And catch several of 'em in -- in one -- at each one time.

So, as they were walking and pulling their sleds towards -- to their family, they saw a flag at their -- at their -- at their families that they have left. They saw a flag up on the pole as they were approaching their -- their -- their families.

As they finally got to the -- to their -- to their families, when they first saw the flag on -- on top -- on the end of the pole they thought -- they thought that their -- their -- they were kinda wondered whether the -- one of the families were in problem or in trouble when they saw that flag.

Not understanding that it was -- it was July Fourth. And then when they got to their families they were kinda sad feeling, but soon as they find out that it was July Fourth they felt much happier.

They left -- they left their -- the -- the meat of which what they catch, part of the -- the walrus meat and some of the -- those bearded seal meat that they had left out there.

There was a big -- good size floating ice grounded in fall and then northeasterly wind and -- and south wind when -- along with the current moving when the -- when the ice is moving, this polar ice was well firmed grounded and then there was addition -- addition ice piled up around it and it gets it kinda bigger.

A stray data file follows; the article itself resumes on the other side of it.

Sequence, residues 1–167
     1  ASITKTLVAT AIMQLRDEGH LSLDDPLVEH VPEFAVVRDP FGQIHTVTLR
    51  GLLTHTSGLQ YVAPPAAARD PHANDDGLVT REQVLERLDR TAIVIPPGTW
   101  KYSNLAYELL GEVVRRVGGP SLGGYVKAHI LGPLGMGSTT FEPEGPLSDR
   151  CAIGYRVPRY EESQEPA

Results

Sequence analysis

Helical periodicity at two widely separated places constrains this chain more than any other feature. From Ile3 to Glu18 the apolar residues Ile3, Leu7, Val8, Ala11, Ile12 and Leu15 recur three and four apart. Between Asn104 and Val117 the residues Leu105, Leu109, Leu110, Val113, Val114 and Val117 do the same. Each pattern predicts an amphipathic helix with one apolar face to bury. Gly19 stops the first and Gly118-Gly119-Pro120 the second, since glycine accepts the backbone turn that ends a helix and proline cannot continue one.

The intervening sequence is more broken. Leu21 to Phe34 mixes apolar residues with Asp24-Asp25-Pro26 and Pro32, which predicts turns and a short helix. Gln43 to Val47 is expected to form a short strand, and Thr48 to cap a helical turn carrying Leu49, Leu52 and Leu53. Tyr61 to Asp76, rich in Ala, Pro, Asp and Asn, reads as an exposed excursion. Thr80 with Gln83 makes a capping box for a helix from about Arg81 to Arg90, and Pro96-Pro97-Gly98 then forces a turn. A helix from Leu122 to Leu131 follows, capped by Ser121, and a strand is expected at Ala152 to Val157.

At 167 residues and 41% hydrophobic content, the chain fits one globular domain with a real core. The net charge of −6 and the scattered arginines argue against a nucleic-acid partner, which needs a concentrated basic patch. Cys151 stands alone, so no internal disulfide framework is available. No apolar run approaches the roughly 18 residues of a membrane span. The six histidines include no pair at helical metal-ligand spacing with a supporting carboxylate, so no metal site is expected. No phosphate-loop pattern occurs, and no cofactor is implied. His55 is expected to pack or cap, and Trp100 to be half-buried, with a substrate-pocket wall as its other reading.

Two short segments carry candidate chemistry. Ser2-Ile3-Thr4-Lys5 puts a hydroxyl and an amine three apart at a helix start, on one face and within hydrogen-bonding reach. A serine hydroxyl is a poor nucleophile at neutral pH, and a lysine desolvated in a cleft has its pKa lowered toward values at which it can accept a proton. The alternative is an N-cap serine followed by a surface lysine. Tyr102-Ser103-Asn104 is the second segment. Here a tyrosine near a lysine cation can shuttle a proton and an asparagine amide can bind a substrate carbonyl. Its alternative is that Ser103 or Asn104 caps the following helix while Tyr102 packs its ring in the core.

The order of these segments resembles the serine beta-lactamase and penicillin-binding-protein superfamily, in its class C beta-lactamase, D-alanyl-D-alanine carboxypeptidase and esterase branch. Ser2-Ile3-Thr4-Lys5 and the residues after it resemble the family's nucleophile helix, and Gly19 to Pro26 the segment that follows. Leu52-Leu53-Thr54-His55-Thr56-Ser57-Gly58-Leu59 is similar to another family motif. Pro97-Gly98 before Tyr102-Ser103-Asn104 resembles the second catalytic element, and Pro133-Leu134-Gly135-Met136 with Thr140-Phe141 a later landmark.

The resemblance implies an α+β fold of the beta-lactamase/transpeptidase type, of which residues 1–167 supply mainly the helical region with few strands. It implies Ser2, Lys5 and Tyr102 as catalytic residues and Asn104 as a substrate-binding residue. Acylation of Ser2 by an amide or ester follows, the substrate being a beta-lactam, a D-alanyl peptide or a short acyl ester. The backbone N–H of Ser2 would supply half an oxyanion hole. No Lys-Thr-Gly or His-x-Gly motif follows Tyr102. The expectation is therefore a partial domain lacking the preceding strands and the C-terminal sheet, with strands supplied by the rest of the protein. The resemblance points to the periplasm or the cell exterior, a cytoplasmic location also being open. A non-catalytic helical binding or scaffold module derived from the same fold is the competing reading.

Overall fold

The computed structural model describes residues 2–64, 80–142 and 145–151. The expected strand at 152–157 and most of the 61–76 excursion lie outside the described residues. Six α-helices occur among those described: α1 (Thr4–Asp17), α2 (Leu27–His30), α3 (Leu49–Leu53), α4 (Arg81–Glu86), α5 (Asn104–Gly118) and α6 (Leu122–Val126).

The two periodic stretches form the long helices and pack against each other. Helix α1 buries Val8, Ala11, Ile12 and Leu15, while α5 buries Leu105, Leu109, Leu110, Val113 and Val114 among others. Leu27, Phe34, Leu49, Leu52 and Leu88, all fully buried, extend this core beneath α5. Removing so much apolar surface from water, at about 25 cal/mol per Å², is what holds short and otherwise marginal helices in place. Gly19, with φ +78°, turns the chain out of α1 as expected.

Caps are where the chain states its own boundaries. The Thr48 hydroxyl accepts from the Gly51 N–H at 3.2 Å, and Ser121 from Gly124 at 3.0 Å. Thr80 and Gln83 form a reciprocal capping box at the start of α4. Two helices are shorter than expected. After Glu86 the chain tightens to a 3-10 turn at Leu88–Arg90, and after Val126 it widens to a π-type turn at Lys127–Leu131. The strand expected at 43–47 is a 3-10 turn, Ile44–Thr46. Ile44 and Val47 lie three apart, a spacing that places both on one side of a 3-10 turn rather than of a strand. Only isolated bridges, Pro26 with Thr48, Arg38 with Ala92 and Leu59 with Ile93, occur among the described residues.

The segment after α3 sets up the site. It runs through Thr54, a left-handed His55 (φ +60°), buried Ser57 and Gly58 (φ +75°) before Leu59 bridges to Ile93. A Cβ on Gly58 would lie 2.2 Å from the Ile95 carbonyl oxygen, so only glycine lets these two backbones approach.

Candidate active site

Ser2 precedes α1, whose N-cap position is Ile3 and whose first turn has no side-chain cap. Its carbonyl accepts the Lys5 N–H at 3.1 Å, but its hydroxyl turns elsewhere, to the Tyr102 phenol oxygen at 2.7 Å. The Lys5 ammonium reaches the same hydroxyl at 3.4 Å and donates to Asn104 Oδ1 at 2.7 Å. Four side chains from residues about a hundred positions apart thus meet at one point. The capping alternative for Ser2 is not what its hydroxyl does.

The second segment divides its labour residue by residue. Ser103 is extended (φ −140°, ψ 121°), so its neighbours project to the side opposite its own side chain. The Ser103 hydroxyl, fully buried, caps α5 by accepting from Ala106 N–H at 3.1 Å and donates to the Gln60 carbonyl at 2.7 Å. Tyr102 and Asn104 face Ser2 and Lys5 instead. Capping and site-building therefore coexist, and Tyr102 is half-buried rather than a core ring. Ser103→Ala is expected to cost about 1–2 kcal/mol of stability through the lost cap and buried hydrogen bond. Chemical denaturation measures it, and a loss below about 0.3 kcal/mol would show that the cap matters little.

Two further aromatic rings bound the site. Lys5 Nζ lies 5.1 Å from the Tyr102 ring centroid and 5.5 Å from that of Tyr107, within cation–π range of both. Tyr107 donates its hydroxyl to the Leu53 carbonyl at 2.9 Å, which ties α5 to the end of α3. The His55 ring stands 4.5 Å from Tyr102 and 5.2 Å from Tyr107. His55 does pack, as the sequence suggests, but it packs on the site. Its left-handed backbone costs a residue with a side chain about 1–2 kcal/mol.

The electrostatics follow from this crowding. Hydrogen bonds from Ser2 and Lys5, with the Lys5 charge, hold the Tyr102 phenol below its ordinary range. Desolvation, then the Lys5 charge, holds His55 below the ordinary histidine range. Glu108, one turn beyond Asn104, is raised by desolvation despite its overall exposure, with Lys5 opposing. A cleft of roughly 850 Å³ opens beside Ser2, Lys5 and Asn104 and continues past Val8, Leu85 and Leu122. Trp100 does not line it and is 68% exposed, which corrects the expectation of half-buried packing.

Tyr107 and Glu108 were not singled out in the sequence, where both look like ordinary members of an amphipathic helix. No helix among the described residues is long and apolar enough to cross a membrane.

So -- so they left their meat at -- in that spot. So they went out with -- with a -- a bit of a way smaller canoe that was -- that they have around -- around their -- around their camp which they use for hunting this and that. And so they took that small canoe and then went after their meat.

After spent one or two days with their families.

There was a question what year they were out there hunting. So that was either after five years from 1918 or sixth year.

In other words, either 1923 or 1924 the time when they were -- when Otis and Lynn were out hunting.

On returning to the leftover meat of what -- af -- of what they catch, so Otis make another addition that speaking about that ice that -- where they left their meat, it was a good size polar ice and then make another addition when the ice piled up around it.